Tuesday, February 3, 2009

more of the same

It’s raining again today. Another day off isn’t as fun as I thought. I am always a victim of my weakest desires. Sloth slips into the mindset and reflects up from the rainy streets of my little backwater town. My town is just like yours, sometimes it looks ugly. But don’t be overly concerned, it’s only a reflection.

I wanted another day off even though I have nothing to do. It’s four days now of rain. I haven’t left the house for three. I find myself a bit antsy at getting back into the vines, and antsy about having to go back there too. It’s winter. The work is outside. Without the sunshine the taille is just hard core migrant stoop work. But without the taille, I am just an exile in the backwaters of France, on a nasty, gray, rainy day. Do you see my dilemma?

Oh, winter rain. This isn’t the light, silver mist of spring, that highlights the almost florescent green, just budding landscape as it shocks itself back to life. This is a flat out, gray-nearing black, winter incident. It’ s the feeling of a three day nor’easter when it runs into five and all the big storm excitement has dissipated and just the nagging wind and the insistent wet gray remain.

I stand at the doors in the kitchen to smoke my endless cigarettes. From here, I look out onto the place. Sometimes I see other smokers on their little balconies, or hanging out their windows, but we are far enough away to be anonymous. In the sun, this little balcony where I look out from is the full-on romantic vision of the south of france. Today it is not.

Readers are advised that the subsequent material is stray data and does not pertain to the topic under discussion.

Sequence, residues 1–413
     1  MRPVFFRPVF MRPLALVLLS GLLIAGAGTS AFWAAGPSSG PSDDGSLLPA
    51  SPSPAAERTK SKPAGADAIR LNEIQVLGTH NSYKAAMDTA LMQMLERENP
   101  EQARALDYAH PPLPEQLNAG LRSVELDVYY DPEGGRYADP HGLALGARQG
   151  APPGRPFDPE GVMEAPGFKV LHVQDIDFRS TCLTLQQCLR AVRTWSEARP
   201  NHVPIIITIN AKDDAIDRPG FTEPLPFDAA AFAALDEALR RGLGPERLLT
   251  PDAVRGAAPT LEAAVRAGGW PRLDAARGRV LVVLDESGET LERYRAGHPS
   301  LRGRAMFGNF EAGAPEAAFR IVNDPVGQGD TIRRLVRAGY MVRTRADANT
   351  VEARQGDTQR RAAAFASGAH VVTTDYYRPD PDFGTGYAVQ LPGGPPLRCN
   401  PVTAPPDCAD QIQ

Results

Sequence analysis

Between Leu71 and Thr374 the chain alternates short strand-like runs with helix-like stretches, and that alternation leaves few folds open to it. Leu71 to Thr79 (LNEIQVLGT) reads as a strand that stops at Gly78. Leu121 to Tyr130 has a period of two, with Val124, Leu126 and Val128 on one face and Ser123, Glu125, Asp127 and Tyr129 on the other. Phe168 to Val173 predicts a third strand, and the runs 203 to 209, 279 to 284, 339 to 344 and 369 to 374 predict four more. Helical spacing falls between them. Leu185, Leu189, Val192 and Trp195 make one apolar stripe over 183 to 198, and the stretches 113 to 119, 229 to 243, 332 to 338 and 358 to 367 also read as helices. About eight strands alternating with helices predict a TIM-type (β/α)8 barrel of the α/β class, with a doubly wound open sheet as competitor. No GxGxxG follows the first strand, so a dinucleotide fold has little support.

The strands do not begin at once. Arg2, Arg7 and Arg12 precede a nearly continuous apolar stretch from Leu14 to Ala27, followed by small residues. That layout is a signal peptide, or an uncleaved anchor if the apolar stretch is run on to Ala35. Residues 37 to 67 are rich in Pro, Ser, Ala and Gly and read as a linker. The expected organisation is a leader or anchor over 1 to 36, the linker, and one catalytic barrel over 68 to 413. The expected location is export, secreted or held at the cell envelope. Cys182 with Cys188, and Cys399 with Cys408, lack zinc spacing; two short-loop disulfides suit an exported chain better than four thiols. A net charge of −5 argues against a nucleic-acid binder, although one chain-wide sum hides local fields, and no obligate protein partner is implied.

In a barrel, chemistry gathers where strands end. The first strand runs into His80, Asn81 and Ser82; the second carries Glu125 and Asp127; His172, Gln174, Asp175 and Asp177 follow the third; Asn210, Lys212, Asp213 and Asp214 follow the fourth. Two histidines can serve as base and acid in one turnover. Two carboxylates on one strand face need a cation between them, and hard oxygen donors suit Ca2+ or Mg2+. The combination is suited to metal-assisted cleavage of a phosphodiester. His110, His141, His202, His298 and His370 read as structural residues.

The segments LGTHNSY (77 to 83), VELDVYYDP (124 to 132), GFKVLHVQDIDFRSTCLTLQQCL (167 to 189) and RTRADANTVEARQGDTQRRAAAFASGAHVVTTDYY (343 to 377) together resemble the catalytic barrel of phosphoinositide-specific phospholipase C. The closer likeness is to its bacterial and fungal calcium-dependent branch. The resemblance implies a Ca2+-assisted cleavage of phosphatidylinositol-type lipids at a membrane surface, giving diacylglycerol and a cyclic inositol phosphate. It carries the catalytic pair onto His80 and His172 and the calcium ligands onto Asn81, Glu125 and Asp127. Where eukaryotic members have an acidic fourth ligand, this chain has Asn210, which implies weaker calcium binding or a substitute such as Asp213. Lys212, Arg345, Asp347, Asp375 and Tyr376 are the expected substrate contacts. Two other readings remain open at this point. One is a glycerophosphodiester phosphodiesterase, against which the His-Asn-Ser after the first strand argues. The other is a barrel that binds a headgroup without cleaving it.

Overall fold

Today it looks out onto what you might refer to as a crumbling forgotten town. Grey and cold, and half deserted. Like a Nebraska town in winter. Scattered with old wind blown snow piles on the main street, with no signs of active life anywhere. There is no center of action. A weak light in a shop windows reveals no one behind it. In another, you glimpse a man sitting motionless at his desk. The barber shop looks like it closed one day and no ones returned in years. You think - my god - how do they do it. How do they come to live here, what do they do here, why do they stay?

The rain is falling. Slowly, constantly. There is a clear precise light on the wet buildings, wet trees, wet ground. It contrasts sharply with the diffuse, vague gray mass that hovers just above the town. It throws some details, usually blanched out by the sun, starkly into focus. They aren’t pretty. The stains of a thousand years of patched living are leaching out of the mortar that holds this town together. The shutters are rotting and the wrought iron rusting. The cars are all dented and the crown of the statue chipped. The garage doors are tagged and the garbage overflowing. Nebraska, France. Bienvenue!

It will be better tomorrow. At least that’s what they say. I have to believe them when they say the weathers changing. It always does. Nothing lasts forever.

My vigneron, S., told M. Guy he would stop over as soon as they had a rain day. That way they would have time to talk, quietly, in detail. He said that last friday just as the nor’easter was heading into town. It’s rained ever since. I guess he really wants those parcels.

1 comment:

  1. Yes, that's the way in any quaint, romantic village. Here in this small Colorado ski town, it's snow in the winter. The very thing that makes our entire economy steam ahead - the beautiful, white, light, powdery snow that makes this place gorgeous on a sunny day, is also the thing that drives people to insanity when it comes without interludes of big, blue, sunny sky. No wonder Ra was a god.